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Epic waits, 'gaming' the books at some VA hospitals, testimony reveals

Some veterans are waiting six months to see VA doctors to fix their broken dentures or artificial knees and at least two veterans died last year from diseases “due to delay in care” at their local VA hospitals, according congressional testimony delivered Thursday.


Meanwhile, staffers at several Veterans Affairs medical centers were found to have rigged computer records to make it appear as though there are little or no wait times for ex-service members when, in reality, backlogs for veterans needing exams and treatment can span six to eight weeks, additional testimony revealed.

“Delayed care is denied care,” said Rep. Ann Kirkpatrick, D-Ariz., during a House oversight hearing held to investigate why most veterans must wait 50 days on average to schedule initial exams with VA doctors. Kirkpatrick spoke of one Iraq veteran in her district who required more than six months to book his initial consultation with a VA mental health provider.

“Veterans should not have yet another hoop to jump though. Access to health care should be easy to schedule,” Kirkpatrick said.


With the Department of Veterans Affairs already nine months behind in meeting disability claims, the fresh anecdotal evidence of long veteran-patient waits prompted Rep. Mike Coffman, R-Colo., to chastise the VA Deputy Under Secretary William Schoenhard: “You’ve been here, in this position since 2009. You came in (and) the system was in chaos and not serving the veterans community. You’ve been there. You haven’t made a difference. And I have no reason to think that under your leadership, unfortunately, this job is going to get done.”

Coffman also waved a handful of VA records documenting the deaths in May of 2012 of two veterans, one in Georgia and one in South Carolina — both of whom were ill and awaiting consultations with VA doctors. “So by your own internal documents there are issues concerning the quality of care related to timeliness and, unfortunately, the loss of life unnecessarily of veterans. That’s particularly alarming,” Coffman said.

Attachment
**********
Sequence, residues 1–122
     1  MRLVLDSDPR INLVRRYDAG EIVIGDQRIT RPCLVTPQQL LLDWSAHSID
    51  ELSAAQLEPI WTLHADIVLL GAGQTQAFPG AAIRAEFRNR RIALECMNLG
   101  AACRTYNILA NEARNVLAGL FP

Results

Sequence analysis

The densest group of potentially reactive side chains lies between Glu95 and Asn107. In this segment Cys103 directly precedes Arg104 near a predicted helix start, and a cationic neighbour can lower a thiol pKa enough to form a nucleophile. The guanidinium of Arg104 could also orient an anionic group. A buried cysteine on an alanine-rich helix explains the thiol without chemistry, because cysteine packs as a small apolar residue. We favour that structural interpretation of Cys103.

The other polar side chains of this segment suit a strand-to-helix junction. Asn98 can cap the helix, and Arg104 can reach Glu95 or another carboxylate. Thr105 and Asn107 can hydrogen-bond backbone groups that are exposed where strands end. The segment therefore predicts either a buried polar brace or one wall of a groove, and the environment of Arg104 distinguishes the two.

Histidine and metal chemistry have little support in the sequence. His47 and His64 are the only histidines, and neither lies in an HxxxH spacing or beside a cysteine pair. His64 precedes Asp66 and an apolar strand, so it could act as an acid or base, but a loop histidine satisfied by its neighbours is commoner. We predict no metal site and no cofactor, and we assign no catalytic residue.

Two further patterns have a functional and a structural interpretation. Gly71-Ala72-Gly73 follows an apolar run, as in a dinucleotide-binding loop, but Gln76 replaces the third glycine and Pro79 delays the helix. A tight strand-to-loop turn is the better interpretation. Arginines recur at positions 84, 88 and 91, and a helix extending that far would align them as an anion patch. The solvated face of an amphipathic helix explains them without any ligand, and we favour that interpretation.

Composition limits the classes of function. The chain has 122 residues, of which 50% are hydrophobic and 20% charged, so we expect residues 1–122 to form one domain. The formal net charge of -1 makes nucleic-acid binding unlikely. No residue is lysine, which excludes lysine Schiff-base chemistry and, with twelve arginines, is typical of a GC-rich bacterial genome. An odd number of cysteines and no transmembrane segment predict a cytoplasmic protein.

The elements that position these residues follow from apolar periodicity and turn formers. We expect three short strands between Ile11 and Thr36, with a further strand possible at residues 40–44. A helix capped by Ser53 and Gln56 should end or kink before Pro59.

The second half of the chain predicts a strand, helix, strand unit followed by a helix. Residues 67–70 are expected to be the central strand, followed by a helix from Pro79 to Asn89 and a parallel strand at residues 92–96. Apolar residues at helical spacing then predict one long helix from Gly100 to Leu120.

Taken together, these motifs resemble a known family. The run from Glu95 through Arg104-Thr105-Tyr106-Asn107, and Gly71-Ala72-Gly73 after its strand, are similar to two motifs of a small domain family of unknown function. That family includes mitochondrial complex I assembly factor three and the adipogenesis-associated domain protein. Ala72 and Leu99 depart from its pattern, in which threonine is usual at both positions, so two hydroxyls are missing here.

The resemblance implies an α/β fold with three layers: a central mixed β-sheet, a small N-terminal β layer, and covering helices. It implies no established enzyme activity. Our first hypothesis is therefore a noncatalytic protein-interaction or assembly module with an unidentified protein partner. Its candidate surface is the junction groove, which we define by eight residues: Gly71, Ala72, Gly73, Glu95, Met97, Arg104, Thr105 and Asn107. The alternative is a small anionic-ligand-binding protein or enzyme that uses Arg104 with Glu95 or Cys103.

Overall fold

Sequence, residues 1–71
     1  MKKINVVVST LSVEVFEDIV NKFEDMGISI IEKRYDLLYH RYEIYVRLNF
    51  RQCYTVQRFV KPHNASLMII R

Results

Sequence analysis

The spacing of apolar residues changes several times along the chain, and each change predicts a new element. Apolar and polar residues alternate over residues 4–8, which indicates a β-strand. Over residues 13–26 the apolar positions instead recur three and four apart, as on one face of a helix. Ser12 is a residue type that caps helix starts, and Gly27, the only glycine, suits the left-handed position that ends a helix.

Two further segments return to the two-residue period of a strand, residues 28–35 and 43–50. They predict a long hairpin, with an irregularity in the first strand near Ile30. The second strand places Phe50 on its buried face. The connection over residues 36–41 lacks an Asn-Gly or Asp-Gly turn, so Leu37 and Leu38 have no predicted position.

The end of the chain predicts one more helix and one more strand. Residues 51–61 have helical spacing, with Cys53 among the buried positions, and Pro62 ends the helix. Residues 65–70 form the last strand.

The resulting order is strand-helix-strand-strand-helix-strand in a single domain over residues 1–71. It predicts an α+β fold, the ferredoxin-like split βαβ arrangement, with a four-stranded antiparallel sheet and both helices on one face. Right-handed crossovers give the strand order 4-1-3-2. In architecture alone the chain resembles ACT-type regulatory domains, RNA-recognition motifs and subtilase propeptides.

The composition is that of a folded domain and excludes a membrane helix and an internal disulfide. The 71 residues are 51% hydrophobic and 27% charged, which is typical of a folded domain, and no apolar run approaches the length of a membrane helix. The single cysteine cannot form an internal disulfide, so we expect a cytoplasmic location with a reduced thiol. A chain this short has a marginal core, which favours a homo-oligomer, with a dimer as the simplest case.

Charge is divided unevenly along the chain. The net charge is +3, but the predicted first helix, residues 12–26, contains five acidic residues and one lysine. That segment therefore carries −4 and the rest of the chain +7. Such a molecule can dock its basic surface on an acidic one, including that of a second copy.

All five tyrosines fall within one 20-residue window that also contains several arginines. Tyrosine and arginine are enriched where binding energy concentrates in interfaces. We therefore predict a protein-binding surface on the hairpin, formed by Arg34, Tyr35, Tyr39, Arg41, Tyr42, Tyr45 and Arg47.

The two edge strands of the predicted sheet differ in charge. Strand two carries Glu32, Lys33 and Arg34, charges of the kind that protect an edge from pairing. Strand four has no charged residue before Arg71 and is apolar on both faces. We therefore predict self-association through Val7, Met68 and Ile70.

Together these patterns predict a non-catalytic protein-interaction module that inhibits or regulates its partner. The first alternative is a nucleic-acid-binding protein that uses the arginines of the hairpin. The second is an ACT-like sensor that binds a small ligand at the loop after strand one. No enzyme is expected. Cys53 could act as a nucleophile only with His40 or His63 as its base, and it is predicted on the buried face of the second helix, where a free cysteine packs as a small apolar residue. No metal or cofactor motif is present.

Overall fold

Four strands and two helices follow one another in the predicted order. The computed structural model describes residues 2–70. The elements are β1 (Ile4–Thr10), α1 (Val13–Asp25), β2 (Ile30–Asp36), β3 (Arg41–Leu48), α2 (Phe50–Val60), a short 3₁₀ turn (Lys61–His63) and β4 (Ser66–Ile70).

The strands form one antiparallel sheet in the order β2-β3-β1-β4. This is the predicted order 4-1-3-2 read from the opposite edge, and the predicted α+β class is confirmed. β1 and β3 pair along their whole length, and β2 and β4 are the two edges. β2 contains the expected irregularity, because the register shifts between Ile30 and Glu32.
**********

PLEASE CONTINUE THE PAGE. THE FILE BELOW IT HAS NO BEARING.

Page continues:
Earlier in the hearing, Schoenhard expressed his regret over any reported “breakdown in care,” adding that “any veteran who goes without timely care is one veteran too many in terms of our commitment to serve those who served us.” He testified that the VA is working to tighten its appointment system by better meshing its administrative and clinical functions and ensuring “more robust training of our staff who schedule these patients.”

But equally troubling to members of the House Veterans’ Affairs subcommittee: reports of VA employees who — as Coffman described — “game the numbers” to deceptively make VA patient-wait times appear shorter. The Government Accountability Office discovered such altered computer records during recent inspections at four VA medical centers, a GAO official testified Thursday.

“Some staff told us they changed medical-appointment desired dates so that the wait times aligned with VA’s related performance goals ... We heard this across several facilities,” testified Debra A. Draper, director of health care at the GAO.

Draper testified that at one primary VA clinic, GAO investigators learned that a scheduler had changed dates (in a computer) “to show there were no long wait times. At another specialty care clinic, we heard providers were changing (appointment) dates to make sure their data showed they were within the (desired) 14-day timeline of the VA. We also went to one specialty clinic (where) it showed a zero-day wait time (when) ... in reality there was a six-to-eight week backlog, at least.”  

Asked by Kirkpatrick whether those VA schedulers “were unduly influenced” by VA brass to purposely tweak the appointment records, Draper replied: “We weren’t specifically told they were directed by management. The current (software) situation provides ample opportunity to change dates, whether intentional or not, to reflect the results you want to achieve.

“(However), these measures are included in VA’s budget submissions and in VA’s annual performance and accountability report,” Draper added. “So there’s a lot of incentive around these measures.”

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